So if you really, really need to hide the skip buttons to make the experience easier for your users, add a hidden-buttons array key to the app.yaml file and list the skip buttons to hide. The example snippet below hides just the “I don’t know button”.

id: app
title: My App
type: project
icon: app.png # refers to file in app's assets directory
protocol: # for inner apps only
- globally_unique_protocol_name
- no-idea

The possible YAML array values for the buttons are no-idea (“I have no idea”), not-applicable (“It doesn’t apply”), not-now-button (“I’ll come back”), and not-sure-button (“Unsure”).

NOTE: As of version 0.8.6, the “I’ll come back” and “Unsure” functionality been removed from the UI for all cases because of poor user experience but are preserved for legacy data and potential future use with a better UI.

Top Level Apps

Apps that describe the required components of a compliant IT system are considered “Top Level” apps. Each question in a Top Level app specifies a type of compliance app (e.g., a compliance app “protocol”) that is needed to represent that component.

Adding Apps to GovReady-Q Deployments

Separating compliance apps from the compliance server enables a much richer ecosystem and virtuous cycle of innovation than having everything embedded exclusively within the compliance server. A GovReady-Q deployment can pull app and module content from local directories and git repositories. An organization using GovReady-Q can freely mix compliance apps from third parties with private compliance apps located only on their network.

Compliance apps are very much like modular plugins that customize the compliance server to the unique system and components of the organization.

This leaves the need to specify which compliance apps are available to a compliance server deployment. This specification of available apps is known as an “app source” and is done with a JSON “spec” file entered in the AppSource model via the Django admin interface.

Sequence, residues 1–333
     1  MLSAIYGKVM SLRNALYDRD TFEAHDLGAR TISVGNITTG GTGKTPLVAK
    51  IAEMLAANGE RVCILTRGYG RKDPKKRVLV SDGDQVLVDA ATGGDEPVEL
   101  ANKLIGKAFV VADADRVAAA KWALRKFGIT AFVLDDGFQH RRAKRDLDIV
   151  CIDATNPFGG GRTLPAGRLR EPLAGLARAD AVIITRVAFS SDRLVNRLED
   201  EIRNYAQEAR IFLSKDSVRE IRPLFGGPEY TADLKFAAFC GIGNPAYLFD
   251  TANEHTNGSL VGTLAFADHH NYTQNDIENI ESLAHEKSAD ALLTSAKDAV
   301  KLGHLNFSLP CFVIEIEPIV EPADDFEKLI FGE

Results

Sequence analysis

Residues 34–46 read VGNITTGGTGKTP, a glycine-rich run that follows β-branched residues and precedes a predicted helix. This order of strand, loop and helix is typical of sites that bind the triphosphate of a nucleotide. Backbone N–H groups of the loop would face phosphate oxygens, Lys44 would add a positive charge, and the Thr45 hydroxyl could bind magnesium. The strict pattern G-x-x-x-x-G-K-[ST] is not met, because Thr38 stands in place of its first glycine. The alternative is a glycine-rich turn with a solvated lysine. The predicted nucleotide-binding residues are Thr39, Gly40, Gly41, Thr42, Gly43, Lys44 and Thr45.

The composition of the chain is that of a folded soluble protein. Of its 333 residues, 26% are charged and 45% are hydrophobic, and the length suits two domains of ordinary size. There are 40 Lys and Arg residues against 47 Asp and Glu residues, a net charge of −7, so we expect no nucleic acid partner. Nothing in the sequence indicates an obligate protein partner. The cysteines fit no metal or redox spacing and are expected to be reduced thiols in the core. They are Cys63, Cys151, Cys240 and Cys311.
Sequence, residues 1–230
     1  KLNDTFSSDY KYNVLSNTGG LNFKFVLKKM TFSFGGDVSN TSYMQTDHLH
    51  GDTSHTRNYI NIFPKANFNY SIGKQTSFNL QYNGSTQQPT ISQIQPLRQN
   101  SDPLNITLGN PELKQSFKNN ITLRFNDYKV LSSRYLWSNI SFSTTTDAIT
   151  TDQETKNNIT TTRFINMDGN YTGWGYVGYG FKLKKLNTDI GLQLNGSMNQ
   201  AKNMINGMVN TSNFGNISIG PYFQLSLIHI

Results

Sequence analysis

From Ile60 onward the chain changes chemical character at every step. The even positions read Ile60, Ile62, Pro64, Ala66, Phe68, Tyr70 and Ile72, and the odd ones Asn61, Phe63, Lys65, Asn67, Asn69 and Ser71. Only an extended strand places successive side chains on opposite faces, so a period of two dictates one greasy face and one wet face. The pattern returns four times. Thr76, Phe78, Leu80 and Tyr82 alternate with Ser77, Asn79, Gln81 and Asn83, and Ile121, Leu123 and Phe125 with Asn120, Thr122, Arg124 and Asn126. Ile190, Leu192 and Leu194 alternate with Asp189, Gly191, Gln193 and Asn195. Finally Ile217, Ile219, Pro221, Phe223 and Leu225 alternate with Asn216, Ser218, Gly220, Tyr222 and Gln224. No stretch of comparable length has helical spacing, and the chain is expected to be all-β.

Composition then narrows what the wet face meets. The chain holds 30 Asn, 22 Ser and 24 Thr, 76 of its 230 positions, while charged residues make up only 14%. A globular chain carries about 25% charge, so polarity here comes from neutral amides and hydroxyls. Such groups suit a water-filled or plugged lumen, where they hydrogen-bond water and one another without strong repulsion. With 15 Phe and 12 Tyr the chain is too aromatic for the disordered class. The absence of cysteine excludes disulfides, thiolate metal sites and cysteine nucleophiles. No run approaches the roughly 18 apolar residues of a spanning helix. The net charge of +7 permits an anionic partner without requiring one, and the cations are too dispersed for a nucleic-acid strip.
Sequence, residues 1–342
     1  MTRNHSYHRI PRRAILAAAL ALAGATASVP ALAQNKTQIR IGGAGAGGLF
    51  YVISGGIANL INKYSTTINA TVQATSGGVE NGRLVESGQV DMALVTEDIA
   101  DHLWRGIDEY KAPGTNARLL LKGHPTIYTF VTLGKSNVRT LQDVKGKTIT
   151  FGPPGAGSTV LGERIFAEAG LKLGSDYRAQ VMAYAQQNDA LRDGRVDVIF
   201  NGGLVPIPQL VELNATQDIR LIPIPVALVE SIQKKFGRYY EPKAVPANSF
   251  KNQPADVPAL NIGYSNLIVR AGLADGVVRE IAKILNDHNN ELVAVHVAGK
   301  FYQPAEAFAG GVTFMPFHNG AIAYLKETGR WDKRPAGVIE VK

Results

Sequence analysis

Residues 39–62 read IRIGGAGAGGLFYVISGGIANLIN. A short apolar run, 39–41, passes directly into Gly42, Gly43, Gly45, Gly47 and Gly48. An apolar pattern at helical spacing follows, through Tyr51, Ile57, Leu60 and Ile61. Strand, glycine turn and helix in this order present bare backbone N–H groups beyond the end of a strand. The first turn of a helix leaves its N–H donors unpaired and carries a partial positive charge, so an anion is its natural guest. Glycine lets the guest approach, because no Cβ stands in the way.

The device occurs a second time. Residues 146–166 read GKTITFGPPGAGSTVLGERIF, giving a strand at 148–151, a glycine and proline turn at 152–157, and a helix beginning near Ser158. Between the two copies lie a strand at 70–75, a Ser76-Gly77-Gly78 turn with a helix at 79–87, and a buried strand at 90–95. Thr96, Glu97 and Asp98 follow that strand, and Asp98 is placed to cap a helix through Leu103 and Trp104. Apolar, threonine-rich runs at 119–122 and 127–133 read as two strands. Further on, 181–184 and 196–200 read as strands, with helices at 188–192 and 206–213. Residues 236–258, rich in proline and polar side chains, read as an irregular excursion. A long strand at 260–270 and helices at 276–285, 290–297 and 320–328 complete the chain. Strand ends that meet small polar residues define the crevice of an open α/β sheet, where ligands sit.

The process is currently a bit clumsy with terminology that reflects the software’s evolution toward the app concept. Nevertheless, the approach provides flexibility of sourcing apps from local file systems and public and private git repositories. And each source specifies a virtual filesystem from which one or more top level apps and compliance apps can be found located.

The below screenshot of the AppSource module in the Django admin interfaces shows the JSON “spec” file.

Screenshot of AppSource from GovReady-Q Django admin interface

The AppSource module also contains fields to indicate to which subdomains of the deployment the source’s apps are available.

App Source virtual filesystem layout

Whether the source is a local directory or a git repository, the source must have a directory layout in which each app is stored in its own directory. (The directory name becomes an internal name for the app.) For instance:


Updating modules

After making changes to modules or AppSources for system modules (like account settings), run python3 manage.py load_modules to pull the modules from the sources into the database. This only updates system modules.

Other modules that have already been started as apps will not be updated. Each time you make a change to an app, you can reload changes using the app authoring tool in GovReady-Q.